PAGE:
To be on tenterhooksTo be uncertain and anxious about what is going to happenVerbHe was on tenterhooks about the result of the exam.
Tinker’s cussTo be uninterested in somethingNounI don’t give a tinker’s cuss if it rains all weekend.
To VillifyTo make vicious and defamatory statements aboutVerbThe Nazi propaganda villified the Jews.
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Saturday, August 8, 2009

Do You Know these English Words? - Odd English Words (Part 1/2)

In the English language there are also odd, weird and not very common words. We present you below a list with some of these atypical words. It’s worth knowing these words as they are expressions that we use in our colloquial language.

Odd English Words

The list is presented in a table with four columns: the Word, the Meaning (in English), the Form and an Example of Use (to see the word in context).

This first part includes the first 11 words from the list.

Table 1: Odd English Words (Part 1)
WordMeaningFormExample of use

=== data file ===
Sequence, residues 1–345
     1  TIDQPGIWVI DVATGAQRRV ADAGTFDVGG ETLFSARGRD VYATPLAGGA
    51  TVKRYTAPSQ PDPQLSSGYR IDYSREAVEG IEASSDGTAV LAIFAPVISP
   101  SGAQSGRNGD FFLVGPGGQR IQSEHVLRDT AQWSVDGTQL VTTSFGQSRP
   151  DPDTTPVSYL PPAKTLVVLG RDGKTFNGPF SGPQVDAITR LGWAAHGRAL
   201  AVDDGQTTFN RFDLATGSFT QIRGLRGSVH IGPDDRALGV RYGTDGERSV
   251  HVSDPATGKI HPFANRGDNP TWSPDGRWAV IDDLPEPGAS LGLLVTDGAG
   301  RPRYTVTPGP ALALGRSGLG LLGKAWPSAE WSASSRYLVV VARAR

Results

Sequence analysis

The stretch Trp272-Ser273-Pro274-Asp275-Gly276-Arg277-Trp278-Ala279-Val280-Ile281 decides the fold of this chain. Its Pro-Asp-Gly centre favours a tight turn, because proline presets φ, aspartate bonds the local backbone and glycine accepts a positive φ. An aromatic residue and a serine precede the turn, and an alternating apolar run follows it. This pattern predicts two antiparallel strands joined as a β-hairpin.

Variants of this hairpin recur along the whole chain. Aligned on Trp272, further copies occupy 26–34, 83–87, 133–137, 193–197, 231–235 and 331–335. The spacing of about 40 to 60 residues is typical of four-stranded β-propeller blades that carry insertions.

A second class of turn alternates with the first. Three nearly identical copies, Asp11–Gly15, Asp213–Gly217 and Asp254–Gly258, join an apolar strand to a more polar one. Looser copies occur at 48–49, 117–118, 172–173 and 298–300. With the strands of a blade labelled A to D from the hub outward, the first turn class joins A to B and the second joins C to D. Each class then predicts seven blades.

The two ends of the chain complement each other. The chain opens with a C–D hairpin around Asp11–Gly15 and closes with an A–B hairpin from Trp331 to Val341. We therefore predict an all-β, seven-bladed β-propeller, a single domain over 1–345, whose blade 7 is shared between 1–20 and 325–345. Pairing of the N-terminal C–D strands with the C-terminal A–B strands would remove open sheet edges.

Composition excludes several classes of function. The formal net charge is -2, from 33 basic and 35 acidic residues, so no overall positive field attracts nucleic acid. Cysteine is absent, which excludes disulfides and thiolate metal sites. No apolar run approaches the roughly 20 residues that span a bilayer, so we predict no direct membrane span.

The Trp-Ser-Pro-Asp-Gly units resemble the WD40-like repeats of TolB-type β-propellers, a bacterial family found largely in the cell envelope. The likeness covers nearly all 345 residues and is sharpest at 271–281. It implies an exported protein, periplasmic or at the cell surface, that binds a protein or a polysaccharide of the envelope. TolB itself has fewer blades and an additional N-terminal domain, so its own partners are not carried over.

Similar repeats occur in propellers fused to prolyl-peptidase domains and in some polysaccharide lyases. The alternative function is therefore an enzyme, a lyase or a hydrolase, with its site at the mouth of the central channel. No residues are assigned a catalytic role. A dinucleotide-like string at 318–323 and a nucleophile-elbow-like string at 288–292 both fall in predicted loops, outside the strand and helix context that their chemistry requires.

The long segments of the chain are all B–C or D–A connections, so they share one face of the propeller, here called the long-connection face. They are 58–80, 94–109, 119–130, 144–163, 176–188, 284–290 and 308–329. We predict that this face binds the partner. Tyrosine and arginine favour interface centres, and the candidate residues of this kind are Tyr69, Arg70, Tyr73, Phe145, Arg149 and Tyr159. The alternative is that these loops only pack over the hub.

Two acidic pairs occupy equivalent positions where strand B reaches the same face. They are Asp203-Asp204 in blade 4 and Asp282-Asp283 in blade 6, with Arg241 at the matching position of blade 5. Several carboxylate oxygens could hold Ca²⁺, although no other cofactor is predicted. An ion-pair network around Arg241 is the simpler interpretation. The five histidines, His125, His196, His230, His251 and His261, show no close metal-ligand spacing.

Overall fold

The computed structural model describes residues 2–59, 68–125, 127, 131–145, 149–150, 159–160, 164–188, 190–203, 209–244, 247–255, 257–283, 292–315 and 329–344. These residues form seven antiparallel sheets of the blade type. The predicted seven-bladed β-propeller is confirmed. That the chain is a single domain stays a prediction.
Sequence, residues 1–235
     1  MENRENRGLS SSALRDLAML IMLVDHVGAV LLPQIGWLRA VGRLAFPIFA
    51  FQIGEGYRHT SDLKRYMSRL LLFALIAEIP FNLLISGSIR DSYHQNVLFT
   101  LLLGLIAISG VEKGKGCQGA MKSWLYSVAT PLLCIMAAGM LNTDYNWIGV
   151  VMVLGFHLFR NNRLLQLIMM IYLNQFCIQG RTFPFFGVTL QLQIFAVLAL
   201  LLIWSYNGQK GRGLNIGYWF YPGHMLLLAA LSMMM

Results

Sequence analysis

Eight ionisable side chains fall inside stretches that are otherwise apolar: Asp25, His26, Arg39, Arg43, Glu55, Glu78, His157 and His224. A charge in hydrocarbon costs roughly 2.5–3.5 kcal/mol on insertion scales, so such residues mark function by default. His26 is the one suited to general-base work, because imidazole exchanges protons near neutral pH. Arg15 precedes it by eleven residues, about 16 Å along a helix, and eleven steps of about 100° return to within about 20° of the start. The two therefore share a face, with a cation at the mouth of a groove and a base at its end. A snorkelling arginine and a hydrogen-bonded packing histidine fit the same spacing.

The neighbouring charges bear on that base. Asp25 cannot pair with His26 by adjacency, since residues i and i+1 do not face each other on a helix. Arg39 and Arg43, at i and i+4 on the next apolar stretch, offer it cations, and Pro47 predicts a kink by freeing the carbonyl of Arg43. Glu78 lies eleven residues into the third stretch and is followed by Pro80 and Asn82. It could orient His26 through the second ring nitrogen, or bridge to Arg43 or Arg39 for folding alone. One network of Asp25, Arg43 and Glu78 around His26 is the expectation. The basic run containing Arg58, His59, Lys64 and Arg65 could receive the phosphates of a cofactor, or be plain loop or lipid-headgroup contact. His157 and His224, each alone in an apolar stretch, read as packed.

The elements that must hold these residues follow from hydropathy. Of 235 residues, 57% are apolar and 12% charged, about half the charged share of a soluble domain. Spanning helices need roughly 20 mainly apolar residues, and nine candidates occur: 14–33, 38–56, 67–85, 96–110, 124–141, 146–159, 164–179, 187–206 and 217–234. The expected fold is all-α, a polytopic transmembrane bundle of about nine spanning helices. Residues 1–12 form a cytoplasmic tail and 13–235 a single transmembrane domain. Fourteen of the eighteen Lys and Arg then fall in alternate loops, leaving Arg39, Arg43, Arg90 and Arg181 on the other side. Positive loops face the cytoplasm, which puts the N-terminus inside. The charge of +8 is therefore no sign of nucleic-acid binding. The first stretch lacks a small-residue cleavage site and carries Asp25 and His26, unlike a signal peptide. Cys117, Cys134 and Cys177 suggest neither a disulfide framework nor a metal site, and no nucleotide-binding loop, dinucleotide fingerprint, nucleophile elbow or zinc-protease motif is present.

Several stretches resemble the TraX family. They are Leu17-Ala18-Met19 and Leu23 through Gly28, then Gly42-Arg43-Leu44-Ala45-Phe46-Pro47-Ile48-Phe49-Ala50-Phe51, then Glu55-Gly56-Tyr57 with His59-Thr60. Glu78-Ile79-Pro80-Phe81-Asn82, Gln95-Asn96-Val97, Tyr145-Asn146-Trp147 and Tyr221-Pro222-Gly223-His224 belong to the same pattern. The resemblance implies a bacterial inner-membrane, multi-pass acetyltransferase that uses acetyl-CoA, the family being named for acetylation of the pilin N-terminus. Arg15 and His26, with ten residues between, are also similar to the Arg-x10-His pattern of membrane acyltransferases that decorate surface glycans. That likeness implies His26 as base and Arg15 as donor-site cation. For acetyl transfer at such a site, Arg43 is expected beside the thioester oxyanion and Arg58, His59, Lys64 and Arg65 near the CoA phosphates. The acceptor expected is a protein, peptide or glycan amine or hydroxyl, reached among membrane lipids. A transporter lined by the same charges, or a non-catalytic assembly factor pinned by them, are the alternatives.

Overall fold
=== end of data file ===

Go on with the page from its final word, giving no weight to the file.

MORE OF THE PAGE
BehestAn urgent requestNounGM Chief to Resign at White House's Behest.
BunkumEmpty, nonsense talkNounThe bunkum of Body Mass Index.
ContumelyScornful or insulting treatmentNounFollowing years of police harassment and public contumely, he was arrested and charged with high treason and espionage.
To forgoTo give upVerbNew Zealand Cricket has persuaded its six Indian Premier League players to agree contracts with the board and forgo "significant sums of money".
To ForegoDo withoutVerbFlu fear forces groom to forego nicety.
GrislyInspiring repugnance, gruesomeAdjectiveThe grisly murder was committed here.
GristlyComposed of or containing gristleAdjectiveMy son has a sore gristly lump behind his nipple.
GrizzlyA grizzly bearNounThe grizzly bear is a subspecies of brown bear.
To go haywireCrazy, madAdjectiveThis period is just haywire time.
HubrisArroganceNounThere is no safety in unlimited technological hubris.
JejuneNot interesting / ChildishAdjectiveHe was very surprised by their jejune responses to our problems.

Do you find any of these words useful?
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Sunday, August 2, 2009

We've All Been There!

You might be enjoying your holidays or just back from them. Whatever the case, a bit of humour in English will be welcomed. Do you recognize any of the following situations?

humour 1

humour 2

humour 3

humour 4

humour 5

humour 6

humour 7